Adolescents can experience a wide range of mental health issues. When multiple issues are combined, activities of daily life, school or work and social engagement can seem exceedingly difficult, and in some cases, even impossible.

Any form of anxiety, depression or psychological disorder can increase your child or teen’s struggle with many day-to-day aspects of life.  Whether they are struggling with self-awareness, self-esteem, body image, social issues, ineffective behaviours, lack of motivation, family conflict or psychological disorders, such as anxiety, depression, OCD, fears or phobias, it is important for them to learn skills to maximize their mental wellness.

Supporting adolescents in developing awareness of their maladaptive behaviours and positive coping skills is important for their future mental health outcomes. A study published in BMC Psychiatry in 2019[1] investigated outcomes in over 23,000 adolescents reporting anxiety between the ages of 15 and 21.  The researchers reported that adolescents who reported anxiety had a 29% risk for a future psychiatric outcome, 40% or greater risk for developing an anxiety disorder and 38% or greater risk for developing depressive disorders.  Often, mental health disorders co-exist. Jafferany et al. (2019) found that adolescents with body dysmorphic disorder were more likely to experience comorbid psychiatric issues including anxiety, obsessive compulsive disorder, attention deficit hyperactivity disorder and substance abuse[2]. Family history is also important.  Wickersham et al. (2020) found an association between adolescent depression and anxiety and the mental health of either their mothers or their fathers, in equal measure[3]. A study of 862 adolescent girls who reported feeling depressed or anxious found that these feelings were related to their perception of their parents’ psychopathology (Raising et al., 2015)[4].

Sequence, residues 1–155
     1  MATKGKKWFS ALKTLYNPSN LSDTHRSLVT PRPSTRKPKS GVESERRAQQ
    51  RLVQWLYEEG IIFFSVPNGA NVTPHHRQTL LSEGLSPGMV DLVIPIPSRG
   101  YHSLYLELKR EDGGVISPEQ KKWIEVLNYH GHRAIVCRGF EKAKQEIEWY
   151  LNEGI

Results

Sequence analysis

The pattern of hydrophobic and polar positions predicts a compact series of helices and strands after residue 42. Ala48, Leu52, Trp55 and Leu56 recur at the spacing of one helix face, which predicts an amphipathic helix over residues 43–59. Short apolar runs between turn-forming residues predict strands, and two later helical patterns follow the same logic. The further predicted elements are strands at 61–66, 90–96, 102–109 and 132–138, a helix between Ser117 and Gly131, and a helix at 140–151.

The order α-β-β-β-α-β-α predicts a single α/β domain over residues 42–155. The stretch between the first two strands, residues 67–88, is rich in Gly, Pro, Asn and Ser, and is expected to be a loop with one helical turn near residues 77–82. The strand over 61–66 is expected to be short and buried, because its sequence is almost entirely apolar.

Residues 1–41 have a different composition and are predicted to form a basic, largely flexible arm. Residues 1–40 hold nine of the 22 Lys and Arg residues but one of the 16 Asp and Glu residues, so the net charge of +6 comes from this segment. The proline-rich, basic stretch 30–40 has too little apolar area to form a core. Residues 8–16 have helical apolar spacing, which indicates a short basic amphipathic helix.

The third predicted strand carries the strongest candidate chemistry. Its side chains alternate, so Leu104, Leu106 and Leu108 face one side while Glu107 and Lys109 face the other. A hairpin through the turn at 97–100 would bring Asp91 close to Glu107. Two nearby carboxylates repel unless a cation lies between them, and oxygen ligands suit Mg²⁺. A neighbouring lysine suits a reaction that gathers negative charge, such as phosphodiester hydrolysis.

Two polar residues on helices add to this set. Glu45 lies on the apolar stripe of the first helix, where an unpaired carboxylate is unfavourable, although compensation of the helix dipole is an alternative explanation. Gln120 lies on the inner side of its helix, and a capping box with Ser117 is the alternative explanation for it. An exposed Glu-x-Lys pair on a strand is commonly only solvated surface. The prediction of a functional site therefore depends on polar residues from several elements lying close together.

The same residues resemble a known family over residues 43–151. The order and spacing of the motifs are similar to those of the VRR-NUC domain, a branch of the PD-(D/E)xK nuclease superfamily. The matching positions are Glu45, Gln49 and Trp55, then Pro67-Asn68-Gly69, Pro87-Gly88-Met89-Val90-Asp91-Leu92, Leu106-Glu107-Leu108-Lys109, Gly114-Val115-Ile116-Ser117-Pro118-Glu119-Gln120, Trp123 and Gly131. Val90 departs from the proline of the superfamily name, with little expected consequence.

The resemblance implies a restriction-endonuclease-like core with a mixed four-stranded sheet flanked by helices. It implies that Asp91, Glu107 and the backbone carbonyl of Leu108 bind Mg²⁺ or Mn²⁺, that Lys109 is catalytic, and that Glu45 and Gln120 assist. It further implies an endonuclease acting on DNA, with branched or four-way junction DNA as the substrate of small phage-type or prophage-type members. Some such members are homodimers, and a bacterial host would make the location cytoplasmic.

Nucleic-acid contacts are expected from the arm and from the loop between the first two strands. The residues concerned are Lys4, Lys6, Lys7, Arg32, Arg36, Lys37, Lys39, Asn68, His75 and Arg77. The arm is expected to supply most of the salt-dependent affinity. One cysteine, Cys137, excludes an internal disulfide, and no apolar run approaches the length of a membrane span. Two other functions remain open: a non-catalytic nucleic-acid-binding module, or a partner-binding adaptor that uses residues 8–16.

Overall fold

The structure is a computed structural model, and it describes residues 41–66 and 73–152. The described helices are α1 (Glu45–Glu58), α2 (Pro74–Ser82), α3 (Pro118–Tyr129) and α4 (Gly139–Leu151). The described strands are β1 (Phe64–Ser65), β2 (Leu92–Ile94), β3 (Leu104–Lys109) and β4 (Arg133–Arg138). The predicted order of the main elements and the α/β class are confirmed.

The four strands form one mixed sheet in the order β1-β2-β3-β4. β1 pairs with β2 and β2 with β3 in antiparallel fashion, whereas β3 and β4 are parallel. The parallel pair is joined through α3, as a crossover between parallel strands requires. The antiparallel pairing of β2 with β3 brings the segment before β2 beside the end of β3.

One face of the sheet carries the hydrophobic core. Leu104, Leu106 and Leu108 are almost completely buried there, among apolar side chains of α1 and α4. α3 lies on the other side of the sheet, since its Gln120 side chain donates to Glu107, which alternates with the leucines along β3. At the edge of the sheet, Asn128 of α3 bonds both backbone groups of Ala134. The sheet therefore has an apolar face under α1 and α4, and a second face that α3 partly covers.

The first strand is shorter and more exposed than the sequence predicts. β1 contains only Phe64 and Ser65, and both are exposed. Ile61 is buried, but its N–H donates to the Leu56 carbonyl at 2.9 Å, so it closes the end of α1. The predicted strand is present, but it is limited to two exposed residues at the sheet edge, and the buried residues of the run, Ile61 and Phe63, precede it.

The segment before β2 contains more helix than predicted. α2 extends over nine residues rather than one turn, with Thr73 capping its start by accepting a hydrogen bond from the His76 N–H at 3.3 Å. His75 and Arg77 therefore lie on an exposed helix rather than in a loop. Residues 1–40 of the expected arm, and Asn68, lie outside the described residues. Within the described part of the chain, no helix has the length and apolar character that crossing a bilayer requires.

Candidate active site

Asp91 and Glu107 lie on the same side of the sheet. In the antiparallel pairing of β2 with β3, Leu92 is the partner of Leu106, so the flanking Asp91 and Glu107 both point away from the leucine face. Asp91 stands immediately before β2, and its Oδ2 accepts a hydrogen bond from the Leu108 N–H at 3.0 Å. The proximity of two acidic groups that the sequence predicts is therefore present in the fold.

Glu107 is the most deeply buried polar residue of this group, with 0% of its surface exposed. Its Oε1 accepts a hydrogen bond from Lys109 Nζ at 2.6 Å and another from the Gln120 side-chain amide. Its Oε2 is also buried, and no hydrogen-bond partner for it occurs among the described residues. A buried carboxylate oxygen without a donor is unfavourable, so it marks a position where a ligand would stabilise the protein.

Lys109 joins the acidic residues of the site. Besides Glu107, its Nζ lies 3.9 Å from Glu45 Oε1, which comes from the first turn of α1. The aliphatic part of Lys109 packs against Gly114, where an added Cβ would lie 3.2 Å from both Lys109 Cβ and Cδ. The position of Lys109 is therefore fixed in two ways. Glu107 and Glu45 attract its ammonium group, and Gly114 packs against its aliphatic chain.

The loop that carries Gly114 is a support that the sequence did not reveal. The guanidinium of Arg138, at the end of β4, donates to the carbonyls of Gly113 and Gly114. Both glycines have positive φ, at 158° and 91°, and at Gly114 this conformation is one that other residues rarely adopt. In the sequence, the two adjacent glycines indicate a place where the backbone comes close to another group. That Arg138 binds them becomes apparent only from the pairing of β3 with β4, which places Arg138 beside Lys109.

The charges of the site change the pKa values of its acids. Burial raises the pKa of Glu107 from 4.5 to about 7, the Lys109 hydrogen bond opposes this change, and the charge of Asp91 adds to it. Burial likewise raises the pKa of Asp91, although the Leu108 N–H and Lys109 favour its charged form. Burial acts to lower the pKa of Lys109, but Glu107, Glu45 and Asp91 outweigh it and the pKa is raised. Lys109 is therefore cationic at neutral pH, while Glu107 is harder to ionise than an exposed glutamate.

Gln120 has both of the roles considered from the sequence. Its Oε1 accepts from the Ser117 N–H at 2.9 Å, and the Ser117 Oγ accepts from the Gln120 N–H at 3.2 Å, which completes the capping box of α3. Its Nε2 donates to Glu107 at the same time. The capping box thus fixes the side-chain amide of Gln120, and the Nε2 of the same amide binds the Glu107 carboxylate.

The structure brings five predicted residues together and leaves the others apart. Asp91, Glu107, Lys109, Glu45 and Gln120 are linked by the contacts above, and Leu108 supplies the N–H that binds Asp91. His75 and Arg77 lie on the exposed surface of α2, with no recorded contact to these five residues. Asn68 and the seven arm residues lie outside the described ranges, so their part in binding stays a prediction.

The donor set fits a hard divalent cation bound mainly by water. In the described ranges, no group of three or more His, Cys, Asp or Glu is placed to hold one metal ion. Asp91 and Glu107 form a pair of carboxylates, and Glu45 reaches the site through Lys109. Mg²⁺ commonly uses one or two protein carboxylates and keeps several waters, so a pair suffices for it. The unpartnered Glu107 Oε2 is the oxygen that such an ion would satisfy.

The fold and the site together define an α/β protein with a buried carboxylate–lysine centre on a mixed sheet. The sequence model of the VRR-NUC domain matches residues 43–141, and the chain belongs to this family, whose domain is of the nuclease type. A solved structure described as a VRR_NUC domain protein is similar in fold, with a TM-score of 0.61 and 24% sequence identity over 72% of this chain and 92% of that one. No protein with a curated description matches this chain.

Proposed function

It’s natural for parents to have a hard time accepting that their child has a mental health issue.